Last Wednesday, U.S. District Judge Amy Berman Jackson rejected most of the arguments made by former Trump campaign chairman Paul Manafort in his lawsuit which seeks to limit the scope of Mueller’s special counsel investigation, as reported by Reuters.
Manafort’s civil lawsuit relies in part on a law which dictates how federal agencies write regulations: The Administrative Procedure Act. Manafort’s lawyer claims that Deputy Attorney General Rod Rosenstein’s order, in which the special counsel was created and Mueller was appointed, violated Justice Department policies. The suit further claims that Mueller does not have the authority to investigate any allegations against Paul Manafort regarding anything prior to his time on Trump’s campaign.
Mueller’s team rebutted: “None of the authorities Manafort cites justifies dismissing an indictment signed by a duly appointed Department of Justice prosecutor based on an asserted regulatory violation, and none calls into question the jurisdiction of this court.”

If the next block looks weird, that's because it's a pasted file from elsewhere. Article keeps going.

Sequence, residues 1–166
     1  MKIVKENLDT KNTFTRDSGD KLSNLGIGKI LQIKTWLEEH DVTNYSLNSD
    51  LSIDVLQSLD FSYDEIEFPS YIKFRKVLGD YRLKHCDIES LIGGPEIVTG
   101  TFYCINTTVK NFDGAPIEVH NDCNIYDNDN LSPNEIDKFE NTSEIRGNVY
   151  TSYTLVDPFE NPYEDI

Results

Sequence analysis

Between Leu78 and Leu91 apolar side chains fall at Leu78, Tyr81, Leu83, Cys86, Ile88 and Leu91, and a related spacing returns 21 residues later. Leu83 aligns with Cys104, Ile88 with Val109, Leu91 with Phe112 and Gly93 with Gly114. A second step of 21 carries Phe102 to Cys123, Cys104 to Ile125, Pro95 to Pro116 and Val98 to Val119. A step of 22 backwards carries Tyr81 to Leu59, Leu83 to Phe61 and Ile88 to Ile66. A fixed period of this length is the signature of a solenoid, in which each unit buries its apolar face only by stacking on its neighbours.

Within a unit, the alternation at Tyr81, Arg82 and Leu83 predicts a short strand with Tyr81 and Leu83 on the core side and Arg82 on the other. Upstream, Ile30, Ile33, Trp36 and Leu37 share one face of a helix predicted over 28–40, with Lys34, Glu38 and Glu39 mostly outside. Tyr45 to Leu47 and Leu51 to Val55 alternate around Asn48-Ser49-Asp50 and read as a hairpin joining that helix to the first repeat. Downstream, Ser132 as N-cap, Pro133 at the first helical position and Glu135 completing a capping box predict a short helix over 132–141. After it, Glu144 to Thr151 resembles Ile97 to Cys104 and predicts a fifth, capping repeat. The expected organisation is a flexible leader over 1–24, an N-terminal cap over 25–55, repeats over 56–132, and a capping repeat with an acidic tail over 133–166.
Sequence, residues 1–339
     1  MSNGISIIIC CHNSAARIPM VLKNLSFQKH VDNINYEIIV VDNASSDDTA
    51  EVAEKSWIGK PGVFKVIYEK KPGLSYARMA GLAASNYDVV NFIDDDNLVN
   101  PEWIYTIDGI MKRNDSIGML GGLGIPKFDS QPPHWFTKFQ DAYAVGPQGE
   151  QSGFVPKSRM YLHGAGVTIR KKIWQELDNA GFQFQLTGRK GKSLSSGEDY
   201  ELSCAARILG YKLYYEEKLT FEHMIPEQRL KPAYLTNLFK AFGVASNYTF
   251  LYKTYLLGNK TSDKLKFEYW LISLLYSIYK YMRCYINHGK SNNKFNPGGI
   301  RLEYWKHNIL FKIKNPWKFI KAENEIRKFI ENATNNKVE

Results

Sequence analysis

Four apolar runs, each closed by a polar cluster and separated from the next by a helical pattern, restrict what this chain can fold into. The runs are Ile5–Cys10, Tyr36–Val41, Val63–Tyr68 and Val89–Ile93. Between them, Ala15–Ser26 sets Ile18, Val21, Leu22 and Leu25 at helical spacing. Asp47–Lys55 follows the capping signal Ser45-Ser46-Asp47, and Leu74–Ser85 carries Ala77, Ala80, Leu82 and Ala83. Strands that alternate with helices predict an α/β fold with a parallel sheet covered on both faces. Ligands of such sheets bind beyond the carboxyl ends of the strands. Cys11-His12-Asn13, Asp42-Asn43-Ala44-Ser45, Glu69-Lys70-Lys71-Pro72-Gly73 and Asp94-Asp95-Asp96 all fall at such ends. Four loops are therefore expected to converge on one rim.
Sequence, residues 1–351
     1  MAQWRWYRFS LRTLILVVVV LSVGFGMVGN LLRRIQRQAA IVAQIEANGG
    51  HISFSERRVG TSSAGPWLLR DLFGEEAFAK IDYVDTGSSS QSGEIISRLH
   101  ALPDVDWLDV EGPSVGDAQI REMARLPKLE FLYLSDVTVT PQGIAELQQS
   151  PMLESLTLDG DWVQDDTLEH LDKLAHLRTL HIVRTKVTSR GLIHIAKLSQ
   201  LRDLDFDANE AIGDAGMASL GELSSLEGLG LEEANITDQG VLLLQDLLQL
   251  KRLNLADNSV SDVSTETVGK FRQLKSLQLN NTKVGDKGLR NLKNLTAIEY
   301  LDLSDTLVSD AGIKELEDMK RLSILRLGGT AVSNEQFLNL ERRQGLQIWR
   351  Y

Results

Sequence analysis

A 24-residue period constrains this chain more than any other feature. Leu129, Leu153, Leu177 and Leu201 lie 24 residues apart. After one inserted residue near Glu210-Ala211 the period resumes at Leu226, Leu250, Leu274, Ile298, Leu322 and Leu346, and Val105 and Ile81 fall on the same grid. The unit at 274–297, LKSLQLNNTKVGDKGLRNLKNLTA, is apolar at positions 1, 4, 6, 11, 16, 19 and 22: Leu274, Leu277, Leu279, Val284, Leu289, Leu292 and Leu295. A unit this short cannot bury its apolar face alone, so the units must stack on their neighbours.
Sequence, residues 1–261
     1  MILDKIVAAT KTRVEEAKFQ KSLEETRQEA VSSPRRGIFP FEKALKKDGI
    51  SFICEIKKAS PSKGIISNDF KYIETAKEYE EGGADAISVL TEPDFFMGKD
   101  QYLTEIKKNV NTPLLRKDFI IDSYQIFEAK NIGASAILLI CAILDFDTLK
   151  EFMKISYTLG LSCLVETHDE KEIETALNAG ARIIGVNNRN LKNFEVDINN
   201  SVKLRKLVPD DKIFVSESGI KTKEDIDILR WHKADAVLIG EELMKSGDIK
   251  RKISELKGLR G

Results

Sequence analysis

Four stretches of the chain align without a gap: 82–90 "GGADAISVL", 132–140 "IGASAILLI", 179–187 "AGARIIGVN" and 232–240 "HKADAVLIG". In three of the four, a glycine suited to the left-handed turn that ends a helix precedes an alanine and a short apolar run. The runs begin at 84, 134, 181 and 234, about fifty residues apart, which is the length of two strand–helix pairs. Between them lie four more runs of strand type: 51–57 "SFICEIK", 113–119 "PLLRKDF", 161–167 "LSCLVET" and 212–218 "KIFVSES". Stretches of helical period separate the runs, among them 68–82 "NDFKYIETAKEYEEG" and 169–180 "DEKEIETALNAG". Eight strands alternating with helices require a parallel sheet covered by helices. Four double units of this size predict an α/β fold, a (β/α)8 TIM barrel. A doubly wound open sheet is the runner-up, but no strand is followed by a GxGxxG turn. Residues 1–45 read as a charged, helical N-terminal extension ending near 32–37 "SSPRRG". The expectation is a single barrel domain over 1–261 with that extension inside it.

Last Monday, a heavily redacted memo also filed by the special counsel’s office was released, in which it was revealed that Rod Rosenstein gave Robert Mueller explicit the authority to investigate Manafort’s Ukraine work, in addition to investigating whether he “committed a crime or crimes by colluding with Russian government officials” during the 2016 presidential race.
“I don’t really understand what is left of your case,” Berman reportedly told Manafort’s attorney, Kevin Downing.
Back in February, Judge Amy Berman Jackson ruled that Manafort’s proposal to pledge his property in Alexandria, VA as part of his $10 million bond was “unsatisfactory,” as the property is already pledged as collateral for a loan on one of Manafort’s other properties. She also ruled that he must prove he is current with his mortgage payments on another property located on New York’s Fifth Avenue in order for that property to be pledged as part of his bond.
Maybe Paul Manafort’s legal team needs to stop trying her patience.